Leader of Yemen’s Houthi Ansarullah movement Abdul-Malik Badreddin al-Houthi has revealed that Israeli warplanes have been detected flying over the key port city of Hudaydah.
Houthi said Israeli jets have been seen in Hudaydah’s skies over the past few days amid a push by Saudi mercenaries to seize the city, Arabic-language al-Masirah television network reported.
“Yemen is actually fighting against a Saudi-Zionist coalition,” he said, referring to a military campaign which Riyadh has been carrying out against Yemen since 2015.
Several Western countries, the US and the UK in particular, are widely known to be helping Saudi Arabia in the aggression, but this is the first time claims of Israeli complicity have been made.
Referring to close ties between Israel and terrorist groups in Syria, Houthi noted that the Takfiri elements in Yemen are also the “mercenaries and servants” of Tel Aviv and Washington.
Israel and Saudi Arabia have no diplomatic relations, but latest reports say the two regimes are working behind the scenes to establish formal contact.
A senior Israeli nuclear expert revealed recently that Tel Aviv was selling Saudi Arabia information that would allow the kingdom to develop nuclear weapons.
Ami Dor-On, a senior nuclear commentator with the Israeli military organization iHLS, said the cooperation has been made possible in the wake of widening ties between Saudi Crown Prince Mohammad bin Salman and Israeli Prime Minister Benjamin Netanyahu.
Hudaydah, home to about 400,000 people, is a lifeline for aid to war-torn Yemen. Riyadh claims the Houthis are using the key port for weapons delivery, an allegation rejected by the fighters.
The city, which lies on Yemen’s western Red Sea coast, has witnessed renewed tensions over the past few days. Saudi-backed forces have closed in on Hudaydah, sparking fears of an all-out assault.
The UN and humanitarian organizations have warned that a potential Saudi attack on Hudaydah could result in a disaster.
Jan Egeland, a former UN aid chief who now heads the Norwegian Refugee Council, told Doha-based Al Jazeera broadcaster on Saturday that a Saudi attack would make the situation “much worse.”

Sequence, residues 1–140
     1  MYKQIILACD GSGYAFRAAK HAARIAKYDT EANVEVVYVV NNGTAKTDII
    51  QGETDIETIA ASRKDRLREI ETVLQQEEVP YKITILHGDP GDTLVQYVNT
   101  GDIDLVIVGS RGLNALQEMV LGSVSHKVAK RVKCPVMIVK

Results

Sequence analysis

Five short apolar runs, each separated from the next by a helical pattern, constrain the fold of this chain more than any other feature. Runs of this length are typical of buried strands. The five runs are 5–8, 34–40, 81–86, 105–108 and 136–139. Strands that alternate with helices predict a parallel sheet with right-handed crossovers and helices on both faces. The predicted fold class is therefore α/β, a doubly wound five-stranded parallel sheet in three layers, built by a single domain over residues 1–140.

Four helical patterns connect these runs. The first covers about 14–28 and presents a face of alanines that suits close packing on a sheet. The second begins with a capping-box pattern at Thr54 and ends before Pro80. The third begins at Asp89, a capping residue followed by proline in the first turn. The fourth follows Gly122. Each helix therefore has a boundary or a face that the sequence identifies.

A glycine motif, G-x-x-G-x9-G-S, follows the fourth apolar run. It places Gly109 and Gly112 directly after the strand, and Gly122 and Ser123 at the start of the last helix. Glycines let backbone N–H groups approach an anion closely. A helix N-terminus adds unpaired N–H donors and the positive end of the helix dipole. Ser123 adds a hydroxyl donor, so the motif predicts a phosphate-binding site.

“We must avoid war at all costs in Hudaydah, not only because of the hundreds of thousands of people who would get in the crossfire but also because the port and the lifeline will be destroyed,” he said.
Egeland further demanded “a ceasefire and peace talks” to resolve the crisis in Yemen.
“What we asked for is that the United States, the United Kingdom and France who have influence over the Saudi-led coalition – they sell arms, they have close military relations, close diplomatic and intelligence cooperation – guarantee that attacks stop,” he added.
Earlier this week, the UN voiced grave concerns about the situation around Hudaydah.
The International Committee of the Red Cross (ICRC) also warned that fighting in Hudaydah would make “an already catastrophic situation even worse.”
“The ICRC is line with international humanitarian law urges all the parties to the conflict to respect civilian lives by taking every possible measure to protect civilians,” the Geneva-based humanitarian institution said in a statement.
Yemenis conduct retaliatory attacks
Separately on Saturday, al-Masirah reported that Yemeni army soldiers and fighters from allied Popular Committees had destroyed seven Saudi armored vehicles in the kingdom’s southern regions of Asir and Najran.
The Yemeni attacks came in retaliation for the Saudi-led military campaign on the impoverished state.
Yemeni forces further managed to prevent the advance of Saudi and Sudanese mercenaries in Asir and killed dozens of them, the report said.
Saudi Arabia and its allies launched a war on Yemen in March 2015 in support of Yemen’s former Riyadh-friendly government and against the Houthis.
The military campaign has killed and injured over 600,000 civilians, according to the Yemeni Ministry of Human Rights.
Saudi Arabia has also imposed a blockade on Yemen, which has smothered humanitarian deliveries of food and medicine to the import-dependent state.